Last updated on November 15th, 2023 at 11:47 am
It’s not been the best week for the troubled developer and publisher, as Motorsport Games cuts staff and loses the BTCC license.
While reducing the headcount may be a reasonable decision for CEO Stephen Hood to lower costs and try to turn the business around, rights holder TOCA has removed the rights to the British Touring Car Championship video game due to ‘ongoing fundamental breaches of the agreement’.
Out of all the licenses acquired by Motorsport Games in the past, the NASCAR rights have already been sold to iRacing, and now the future of the BTCC rights will also be elsewhere. This leaves the FIA World Endurance Championship and 24 Hours of Le Mans, with Le Mans Ultimate planned for release in December, and Indycar, which may also be shopped to potential buyers given the sizeable staff cuts.
What does this mean for a BTCC game?
Rights holder BARC (TOCA) Limited didn’t hold back in their announcement to terminate their agreement with Motorsport Games, stating that;
“it has been forced to terminate that agreement forthwith, due to ongoing fundamental breaches of the agreement by Motorsport Games. Having been given sufficient latitude to rectify those contractual breaches, unfortunately Motorsport Games has failed to do so.
In order to protect the reputation and intellectual property of the BTCC, including those of its participants and partners, TOCA had been left with no option but to terminate the agreement and immediately withdraw all licensed BTCC rights that were provided to Motorsport Games under that agreement.
TOCA is aware that this news will come as a huge disappointment to our hundreds of thousands of fans, many of whom were eagerly anticipating the release of a new BTCC game… and we very much share that frustration, due to Motorsport Games being unable to fulfil its contractual commitments.”
This may mean that another developer or publisher acquires the rights, particularly as the prospect of a new British Touring Car game got a lot of people excited. Given that iRacing has already invested to acquire NASCAR, it seems unlikely they have the resources to take on another series for the time being, so potential buyers could include Kunos and 505 Publishing, Reiza, KW Studios, or EA for Codemasters to work on.
Out of all the possible options, perhaps the best fits would be either Codemasters and EA given the history with TOCA Touring Cars games, or potentially Kunos given their success in focusing on a single series with Assetto Corsa Competizione.
A further SEC filing also reveals that outstanding royalties and other sums payable to BARC, totally approximately $800,000, are now payable.
The loss of the license also raises a question over the continued availability of the rFactor 2 BTCC DLC, with the most recent release being the Team HARD Cupra Leon back in May.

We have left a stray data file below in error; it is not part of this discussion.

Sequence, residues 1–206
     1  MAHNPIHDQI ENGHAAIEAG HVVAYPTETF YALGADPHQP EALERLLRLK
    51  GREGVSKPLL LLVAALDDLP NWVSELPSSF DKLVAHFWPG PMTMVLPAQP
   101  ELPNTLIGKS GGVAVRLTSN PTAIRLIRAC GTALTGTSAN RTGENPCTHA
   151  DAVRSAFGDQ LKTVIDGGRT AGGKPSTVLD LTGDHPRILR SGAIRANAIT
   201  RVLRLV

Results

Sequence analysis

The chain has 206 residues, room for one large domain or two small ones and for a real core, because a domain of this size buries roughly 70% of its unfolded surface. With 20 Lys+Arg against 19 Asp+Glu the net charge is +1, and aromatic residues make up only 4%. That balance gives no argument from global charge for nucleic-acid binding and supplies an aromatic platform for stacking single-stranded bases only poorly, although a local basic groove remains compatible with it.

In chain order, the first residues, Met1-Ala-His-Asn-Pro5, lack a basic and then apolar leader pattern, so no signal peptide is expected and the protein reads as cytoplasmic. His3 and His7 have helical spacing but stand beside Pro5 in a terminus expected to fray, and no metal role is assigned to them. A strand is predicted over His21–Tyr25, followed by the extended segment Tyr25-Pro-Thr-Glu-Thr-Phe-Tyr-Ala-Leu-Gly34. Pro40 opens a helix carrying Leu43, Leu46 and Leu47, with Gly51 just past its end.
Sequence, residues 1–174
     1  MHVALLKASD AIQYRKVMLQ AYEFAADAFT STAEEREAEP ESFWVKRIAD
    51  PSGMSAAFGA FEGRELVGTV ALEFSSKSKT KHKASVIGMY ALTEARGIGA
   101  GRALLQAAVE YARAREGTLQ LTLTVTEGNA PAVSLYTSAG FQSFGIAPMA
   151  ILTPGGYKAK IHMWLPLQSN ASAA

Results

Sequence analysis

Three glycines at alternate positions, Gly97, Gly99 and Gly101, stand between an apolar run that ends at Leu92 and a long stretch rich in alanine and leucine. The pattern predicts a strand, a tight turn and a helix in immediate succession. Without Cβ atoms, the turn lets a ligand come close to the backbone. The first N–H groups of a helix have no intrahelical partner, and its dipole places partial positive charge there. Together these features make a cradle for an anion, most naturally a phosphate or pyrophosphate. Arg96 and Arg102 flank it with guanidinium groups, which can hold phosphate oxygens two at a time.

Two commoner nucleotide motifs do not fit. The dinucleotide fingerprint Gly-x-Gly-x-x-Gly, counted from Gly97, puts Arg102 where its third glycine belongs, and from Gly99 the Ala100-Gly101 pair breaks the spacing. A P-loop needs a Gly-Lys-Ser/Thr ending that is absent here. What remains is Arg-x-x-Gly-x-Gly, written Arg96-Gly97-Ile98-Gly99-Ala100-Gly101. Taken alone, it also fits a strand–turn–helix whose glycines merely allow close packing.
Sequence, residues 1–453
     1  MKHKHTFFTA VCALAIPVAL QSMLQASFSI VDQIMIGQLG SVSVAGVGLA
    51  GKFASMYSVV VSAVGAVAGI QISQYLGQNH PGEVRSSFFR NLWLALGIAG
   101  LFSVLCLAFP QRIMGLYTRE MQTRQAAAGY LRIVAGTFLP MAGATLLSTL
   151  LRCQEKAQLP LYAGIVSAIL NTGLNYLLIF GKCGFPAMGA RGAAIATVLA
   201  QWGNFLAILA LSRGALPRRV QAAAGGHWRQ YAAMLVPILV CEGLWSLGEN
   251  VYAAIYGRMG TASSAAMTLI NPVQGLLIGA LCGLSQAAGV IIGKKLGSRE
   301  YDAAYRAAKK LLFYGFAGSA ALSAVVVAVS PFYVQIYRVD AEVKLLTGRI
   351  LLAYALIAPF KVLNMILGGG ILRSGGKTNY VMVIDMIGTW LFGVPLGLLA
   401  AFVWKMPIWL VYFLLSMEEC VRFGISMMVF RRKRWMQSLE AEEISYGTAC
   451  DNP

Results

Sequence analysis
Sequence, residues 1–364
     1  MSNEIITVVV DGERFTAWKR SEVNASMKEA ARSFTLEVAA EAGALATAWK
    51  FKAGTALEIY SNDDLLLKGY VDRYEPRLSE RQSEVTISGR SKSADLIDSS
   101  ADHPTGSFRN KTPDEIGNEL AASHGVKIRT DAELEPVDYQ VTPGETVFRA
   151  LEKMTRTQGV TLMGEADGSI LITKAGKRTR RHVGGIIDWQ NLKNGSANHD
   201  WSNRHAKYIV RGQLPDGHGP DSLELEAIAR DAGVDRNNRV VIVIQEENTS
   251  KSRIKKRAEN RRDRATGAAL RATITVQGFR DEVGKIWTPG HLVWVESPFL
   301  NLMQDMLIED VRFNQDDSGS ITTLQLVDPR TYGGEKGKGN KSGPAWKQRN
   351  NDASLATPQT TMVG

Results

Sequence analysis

Motorsport Games Has Laid Off 40% Of Staff
The loss of the BTCC license followed news that Motorsport Games has laid off 40% of staff as part of restructuring. It was revealed in an SEC filing, followed by various former employees sharing news of their redundancies on social media.
It impacts approximately 38 employees, “primarily in Australia and the United Kingdom”. This includes closing the sim racing website launched by Motorsport Games, and presumably Motorsport Games Australia, which was working on the Indycar game. That team was formed after the acquisition of Black Delta and their KartKraft title, which has seen no updates or development since 2022, and no major development since 2021.
Obviously we want to express out sympathies for everyone impacted by the cuts, and hope they’re all able to find other opportunities as soon as possible.
In terms of sim racing and Motorsport Games, reducing the headcount does make some sense. Especially given that the company has been warning it didn’t have sufficient funding for the future in pretty much every financial report it’s ever made. Online publishing isn’t particularly healthy right now, and the amount obviously invested in a sim racing website would probably never be self-sustaining, based on my experiences in large media businesses, and talking with other people running sim racing sites big and small. No-one is doing it to become rich, and very few are able to afford any staff, let alone sponsoring race teams etc.
It also became less viable after GMF Capital acquired the parent Motorsport Network Media, but not the gaming division. Meaning less funding and options to potentially work alongside the likes of Motorsport.com and Autosport.com.
Laying off Motorsport Games Australia may also be reasonable given the lose of two licences freeing up other staff. Le Mans Virtual is being developed by Studio 397 (rFactor 2), and the former 704 Games team will only be maintaining the NASCAR titles through 2024 following the sale of the license to iRacing. So having another development team working on a game which might be in doubt probably isn’t a good use of any funds Motorsport Games has left.
The best outcome would be if Motorsport Games potentially allowed the sale or release of KartKraft back to the original developers as part of any redundancy. It’s not the biggest or most valuable name in sim racing, but was progressing well until the acquisition, and still has a fanbase. And it seems unlikely that Motorsport Games will be doing anything with it, as their focus appears to be solely on Le Mans Ultimate for the foreseeable future.
The alternative is that it sits around until any sale or liquidation, where it’s unlikely to raise much income.
Motorsport Games is due to report third quarter 2023 financial results after markets close today, Tuesday November 7th, 2023, so hopefully there will be more details revealed about the future of the Indycar license.
Again, we wish the best to all individuals impacted by the news.
Keep up with all of our latest coverage of Motorsport Games, here.